Sandro Botticelli Facts
The Italian painter Sandro Botticelli (1444-1510) was one of the major Renaissance artists in Florence, which was the center for innovative painting in fifteenth-century Europe.
Sandro Botticelli was born several generations after Donatello, Masaccio, and their associates gave Florentine art its essential direction and just before it took a great turn in the High Renaissance work of Leonardo da Vinci, Michelangelo, and others. Botticelli worked in an established, almost traditional manner at a point just before the mode was generally perceived as no longer adequate.
Vagaries of Botticelli Criticism
A certain critical tradition has looked on Botticelli as a "decadent" artist, connected with the culture embodied in Lorenzo the Magnificent, de facto ruler of the city, poet, philosopher, and sophisticate. Successful in the 1470s and 1480s, then out of fashion and forgotten at the time of his death, Botticelli was greatly acclaimed in the 19th century, especially in England by the Pre-Raphaelites, who found that he legitimized their style, which combined the sensuous and the immaterial. Of late, scholars have considered this to be a misreading of Botticelli and have stressed his Florentine concern for solidly modeled form and religious exposition. Concurrently, however, admiration for his work has declined. Recent study has also tended to reject, as without contemporary support, the picture of him as first a member of Lorenzo's intellectual circle and later a devotee of the religious reformer Girolamo Savonarola.
Son of a tanner, trained by a master whose name is not known, Botticelli followed in his first works the current version of the Florentine style, the prime practitioner of which was Andrea del Verrocchio. This style was not much concerned with the convincing rendition of space and emphasized the human figure, with dense modeling, sharp contour, and linear rhythm. Botticelli's major early works are Fortitude (1470, one of seven Virtues for a merchants' assembly hall; the other six are by Piero Pollaiuolo), two tiny panels of the story of Judith and Holofernes, and St. Sebastian (1474). In some of these he altered the appearance of muscular energy and physical action found in Verrocchio's work in the direction of nervous fatigue and contemplative repose.
These qualities are most evident in Botticelli's best-known works, Spring and the Birth of Venus, executed for a cousin of Lorenzo the Magnificent, Lorenzo di Pierfrancesco de' Medici, for his villa. They obviously reflect the contemporary literary culture, but their precise subject matter has been much debated and has never been agreed on; they were certainly designed in consultation with a scholar, but he may have invented an allegory for the occasion which was not recorded. Since Venus has a central position in both works, it is plausible to consider the two figures of Venus as a contrasting pair. There was a literary convention in philosophical-archeological writing of the time of contrasting the spiritual and the earthly Venus, which may well be a factor in the paintings, though not the entire theme.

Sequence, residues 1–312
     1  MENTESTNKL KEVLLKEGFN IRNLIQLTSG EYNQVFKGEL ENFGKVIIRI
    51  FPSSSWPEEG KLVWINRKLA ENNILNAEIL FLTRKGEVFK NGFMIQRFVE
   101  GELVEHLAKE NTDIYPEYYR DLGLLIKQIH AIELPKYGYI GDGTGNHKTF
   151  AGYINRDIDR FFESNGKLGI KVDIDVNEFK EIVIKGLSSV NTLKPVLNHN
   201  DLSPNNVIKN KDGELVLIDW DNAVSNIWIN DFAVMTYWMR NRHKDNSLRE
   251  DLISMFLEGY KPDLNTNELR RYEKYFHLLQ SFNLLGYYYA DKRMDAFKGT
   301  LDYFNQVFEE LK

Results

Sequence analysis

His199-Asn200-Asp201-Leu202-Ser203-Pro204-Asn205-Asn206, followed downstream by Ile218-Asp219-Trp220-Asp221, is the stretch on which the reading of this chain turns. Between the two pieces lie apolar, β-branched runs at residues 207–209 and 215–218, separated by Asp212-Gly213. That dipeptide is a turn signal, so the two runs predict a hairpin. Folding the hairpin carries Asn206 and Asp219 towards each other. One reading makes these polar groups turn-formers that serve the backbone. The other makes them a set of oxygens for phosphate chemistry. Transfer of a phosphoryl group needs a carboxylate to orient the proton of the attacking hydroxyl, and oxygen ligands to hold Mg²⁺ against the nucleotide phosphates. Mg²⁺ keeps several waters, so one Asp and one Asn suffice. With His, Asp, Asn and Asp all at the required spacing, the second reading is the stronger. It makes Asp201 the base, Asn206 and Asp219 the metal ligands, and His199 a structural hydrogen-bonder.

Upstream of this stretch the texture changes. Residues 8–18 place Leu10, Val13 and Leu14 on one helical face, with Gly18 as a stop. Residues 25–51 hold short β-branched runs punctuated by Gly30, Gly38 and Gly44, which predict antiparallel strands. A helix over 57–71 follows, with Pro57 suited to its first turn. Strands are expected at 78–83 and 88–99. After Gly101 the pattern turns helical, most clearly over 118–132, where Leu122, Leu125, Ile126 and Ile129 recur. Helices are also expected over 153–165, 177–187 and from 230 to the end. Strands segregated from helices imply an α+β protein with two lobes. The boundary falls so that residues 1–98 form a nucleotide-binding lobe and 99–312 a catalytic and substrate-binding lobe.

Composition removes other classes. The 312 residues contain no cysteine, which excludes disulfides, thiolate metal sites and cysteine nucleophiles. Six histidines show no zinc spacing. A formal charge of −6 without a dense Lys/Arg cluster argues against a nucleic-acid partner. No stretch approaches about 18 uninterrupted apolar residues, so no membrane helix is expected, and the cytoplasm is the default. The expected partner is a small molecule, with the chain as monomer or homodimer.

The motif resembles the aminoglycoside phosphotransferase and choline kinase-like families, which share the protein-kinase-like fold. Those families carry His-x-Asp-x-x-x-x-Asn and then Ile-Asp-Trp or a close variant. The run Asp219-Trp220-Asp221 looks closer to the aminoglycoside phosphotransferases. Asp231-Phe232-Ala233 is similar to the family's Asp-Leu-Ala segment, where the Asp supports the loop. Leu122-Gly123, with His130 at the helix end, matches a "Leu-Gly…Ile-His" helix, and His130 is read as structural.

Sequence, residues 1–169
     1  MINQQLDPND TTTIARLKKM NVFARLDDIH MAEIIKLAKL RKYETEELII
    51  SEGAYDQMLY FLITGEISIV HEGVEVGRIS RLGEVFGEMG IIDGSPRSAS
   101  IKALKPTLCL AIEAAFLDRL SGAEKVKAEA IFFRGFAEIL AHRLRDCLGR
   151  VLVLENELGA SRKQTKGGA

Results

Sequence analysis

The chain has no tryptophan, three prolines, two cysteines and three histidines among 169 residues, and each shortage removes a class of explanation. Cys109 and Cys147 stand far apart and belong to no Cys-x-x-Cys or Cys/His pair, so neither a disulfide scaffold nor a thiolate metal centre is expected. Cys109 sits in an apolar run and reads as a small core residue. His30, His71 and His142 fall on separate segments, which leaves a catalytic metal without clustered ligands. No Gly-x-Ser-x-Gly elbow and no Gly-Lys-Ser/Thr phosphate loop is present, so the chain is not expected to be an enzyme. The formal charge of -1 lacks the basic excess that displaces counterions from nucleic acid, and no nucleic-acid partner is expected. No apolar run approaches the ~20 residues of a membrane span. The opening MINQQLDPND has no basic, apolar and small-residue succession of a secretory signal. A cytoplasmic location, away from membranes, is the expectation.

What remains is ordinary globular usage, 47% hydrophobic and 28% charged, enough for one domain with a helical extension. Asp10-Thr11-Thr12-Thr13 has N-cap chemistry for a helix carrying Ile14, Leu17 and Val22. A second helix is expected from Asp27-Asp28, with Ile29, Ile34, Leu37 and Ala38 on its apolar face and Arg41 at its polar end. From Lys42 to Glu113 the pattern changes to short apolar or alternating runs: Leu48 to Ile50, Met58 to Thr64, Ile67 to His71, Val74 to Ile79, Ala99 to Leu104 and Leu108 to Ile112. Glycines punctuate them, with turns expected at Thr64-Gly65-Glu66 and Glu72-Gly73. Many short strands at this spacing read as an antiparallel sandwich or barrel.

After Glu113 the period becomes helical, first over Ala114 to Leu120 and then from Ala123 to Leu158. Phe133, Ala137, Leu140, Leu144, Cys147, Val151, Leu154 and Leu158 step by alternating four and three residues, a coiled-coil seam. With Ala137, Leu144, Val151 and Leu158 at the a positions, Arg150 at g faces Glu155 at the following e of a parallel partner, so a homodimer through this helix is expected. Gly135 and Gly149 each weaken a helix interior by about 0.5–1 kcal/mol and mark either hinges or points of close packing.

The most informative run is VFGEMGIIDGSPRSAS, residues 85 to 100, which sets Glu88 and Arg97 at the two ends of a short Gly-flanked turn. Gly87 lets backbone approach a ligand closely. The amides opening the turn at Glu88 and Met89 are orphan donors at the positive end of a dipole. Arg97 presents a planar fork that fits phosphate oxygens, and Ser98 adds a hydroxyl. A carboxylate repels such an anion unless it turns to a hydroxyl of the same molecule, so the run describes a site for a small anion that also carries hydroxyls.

Botticelli continued using this early style after 1480 (the Birth is perhaps as late as 1485), but meantime a new style emerged in frescoes such as St. Augustine (1480) in the Church of the Ognissanti, Florence; the Annunciation (1481) for S. Martino, Florence; and three frescoes (1481-1482) in the Sistine Chapel, Rome, executed during Botticelli's only trip away from Florence. These frescoes show a new concern with the construction of stagelike spaces and stiffer figures, also seen in a series of altarpieces of 1485 and 1489. A bow to the newly fashionable work of Domenico Ghirlandaio and of Flemish painting is implied, but the tense linearity of the figure reveals that Botticelli's art had not undergone any fundamental changes.
After 1490 Botticelli began to concentrate on paintings with many small figures, using the same cutting contour lines, so that the entire picture surface acquired a trembling vibrancy. Many works exhibited this new tendency, such as the Calumny of Apelles, a visualization of a description of a painting by an ancient Roman writer; the Crucifixion, with a rain of arrows descending on a view of Florence in the background, the only work by Botticelli definitely expounding Savonarola's view of the sinning city; the Last Communion of St. Jerome, the most intense of several works portraying physical collapse of the body; and the Nativity, (1501), which employed an archaic design of Fra Angelico, with a stylized cave suggesting pre-Renaissance landscapes, and an inscription referring to current prophecies of the end of the world.
In his late years Botticelli was crippled and failed to receive commissions, but he may have continued to work on his set of drawings (never finished) illustrating Dante's Divine Comedy, remarkable for their consistent evocation of an energized irrational space. By about 1504, when the young Raphael came to Florence to observe the new modes of Leonardo and Michelangelo, Botticelli's art must have seemed obsolete, although it had been widely imitated in the 1490s.
Further Reading on Sandro Botticelli
Herbert P. Horne, Alessandro Filipepi, Commonly Called Sandro Botticelli, Painter of Florence (1908), is a classic of biographical reconstruction. Lionello Venturi, Botticelli (1937), provides critical analysis. Botticelli is placed in the context of contemporary intellectual movements in Giulio Argan, Botticelli: Biographical and Critical Study (trans. 1957). Roberto Salvini, All the Paintings of Botticelli (trans., 4 vols., 1965), is up to date and reliable.